• drug epidemiology;
  • pharmacoepidemiology;
  • study design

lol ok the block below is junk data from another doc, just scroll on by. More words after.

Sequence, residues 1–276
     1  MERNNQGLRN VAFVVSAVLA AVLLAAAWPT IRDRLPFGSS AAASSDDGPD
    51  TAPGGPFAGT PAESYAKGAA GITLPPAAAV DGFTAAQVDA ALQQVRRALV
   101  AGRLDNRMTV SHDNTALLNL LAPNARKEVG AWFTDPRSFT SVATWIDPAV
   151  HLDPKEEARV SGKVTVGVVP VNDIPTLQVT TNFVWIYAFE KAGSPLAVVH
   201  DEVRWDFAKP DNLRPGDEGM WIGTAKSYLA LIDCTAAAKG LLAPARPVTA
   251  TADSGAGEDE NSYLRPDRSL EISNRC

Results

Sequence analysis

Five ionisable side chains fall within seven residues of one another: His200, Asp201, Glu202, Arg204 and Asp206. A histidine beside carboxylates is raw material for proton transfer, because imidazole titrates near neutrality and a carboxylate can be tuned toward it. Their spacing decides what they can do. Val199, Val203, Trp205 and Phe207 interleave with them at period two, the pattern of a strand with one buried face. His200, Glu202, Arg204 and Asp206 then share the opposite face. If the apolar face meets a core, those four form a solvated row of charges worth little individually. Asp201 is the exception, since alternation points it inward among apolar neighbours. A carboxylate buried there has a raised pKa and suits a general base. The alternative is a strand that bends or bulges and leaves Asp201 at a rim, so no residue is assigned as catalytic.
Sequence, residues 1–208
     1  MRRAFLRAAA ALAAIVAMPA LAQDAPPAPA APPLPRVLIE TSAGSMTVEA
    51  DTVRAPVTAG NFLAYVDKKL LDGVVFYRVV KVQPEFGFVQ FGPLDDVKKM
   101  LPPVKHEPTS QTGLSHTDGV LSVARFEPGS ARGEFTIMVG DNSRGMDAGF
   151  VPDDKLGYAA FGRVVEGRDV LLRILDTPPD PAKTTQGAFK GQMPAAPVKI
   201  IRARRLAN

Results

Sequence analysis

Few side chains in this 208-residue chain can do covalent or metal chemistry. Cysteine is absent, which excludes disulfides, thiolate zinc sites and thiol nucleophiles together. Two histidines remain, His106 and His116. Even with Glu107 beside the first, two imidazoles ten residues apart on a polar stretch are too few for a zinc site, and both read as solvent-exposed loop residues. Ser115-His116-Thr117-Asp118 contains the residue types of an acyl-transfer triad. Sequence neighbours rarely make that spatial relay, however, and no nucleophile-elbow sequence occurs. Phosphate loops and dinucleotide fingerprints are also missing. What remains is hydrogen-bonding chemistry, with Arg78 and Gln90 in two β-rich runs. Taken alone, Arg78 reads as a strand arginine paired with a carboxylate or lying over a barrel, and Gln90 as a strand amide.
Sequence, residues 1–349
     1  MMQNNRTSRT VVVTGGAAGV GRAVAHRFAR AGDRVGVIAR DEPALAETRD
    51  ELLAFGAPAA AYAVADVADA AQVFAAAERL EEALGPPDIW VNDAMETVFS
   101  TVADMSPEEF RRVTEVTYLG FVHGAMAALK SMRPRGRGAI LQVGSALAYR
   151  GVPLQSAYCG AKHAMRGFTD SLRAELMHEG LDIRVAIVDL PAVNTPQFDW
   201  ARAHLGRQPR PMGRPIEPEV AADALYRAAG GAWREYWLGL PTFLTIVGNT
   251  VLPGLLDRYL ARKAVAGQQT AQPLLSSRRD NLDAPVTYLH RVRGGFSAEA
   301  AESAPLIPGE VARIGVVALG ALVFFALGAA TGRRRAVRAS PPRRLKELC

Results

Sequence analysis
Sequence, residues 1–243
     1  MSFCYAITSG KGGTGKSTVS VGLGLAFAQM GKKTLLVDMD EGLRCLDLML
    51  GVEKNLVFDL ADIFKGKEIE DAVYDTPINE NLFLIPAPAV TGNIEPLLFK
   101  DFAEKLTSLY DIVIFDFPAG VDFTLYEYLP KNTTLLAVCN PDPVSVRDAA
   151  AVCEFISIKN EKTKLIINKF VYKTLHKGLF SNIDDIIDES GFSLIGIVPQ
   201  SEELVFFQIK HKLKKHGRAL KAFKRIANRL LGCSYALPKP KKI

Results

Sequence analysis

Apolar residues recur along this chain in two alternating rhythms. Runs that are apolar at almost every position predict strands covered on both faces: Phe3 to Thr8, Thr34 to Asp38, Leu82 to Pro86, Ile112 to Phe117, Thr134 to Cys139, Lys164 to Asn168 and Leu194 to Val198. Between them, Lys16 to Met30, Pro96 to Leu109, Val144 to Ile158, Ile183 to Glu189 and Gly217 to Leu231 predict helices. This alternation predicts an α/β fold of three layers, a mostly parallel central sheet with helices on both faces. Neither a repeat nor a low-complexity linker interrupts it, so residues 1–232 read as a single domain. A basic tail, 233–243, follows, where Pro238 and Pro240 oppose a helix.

Despite the difficulties involved in designing drug epidemiology studies, these studies are invaluable for investigating the unexpected adverse effects of drugs. The aim of this paper is to discuss various aspects of study design, particularly those issues that are not easily found in either textbooks or review papers. We have also compared and contrasted drug epidemiology with the randomized controlled trial (RCT) wherever possible. Drug epidemiology is especially useful in the many situations where the RCT is not suitable, or even possible. The study base has to be defined before the appropriate cohort of subjects is assembled. If all of the cases are identified, then a referent sample of controls may be assembled by random sampling of the study base. If all of the cases cannot be assembled, a hypothetical secondary base may need to be created. Preferably, only new-users of the drug should be included, and the risk-ratio will be different for acute users and chronic users. Studies will usually only be possible when researching the unintended effects of drugs. It is difficult to study efficacy because of confounding by indication. In occasional circumstances it may be possible to study efficacy (examples are given). Discussion of the dangers of designing with generalisability in mind is provided. Additionally, the similarities in study design between drug epidemiology and the RCT are discussed in detail, as well as the design-characteristics that cannot be shared between the two methods.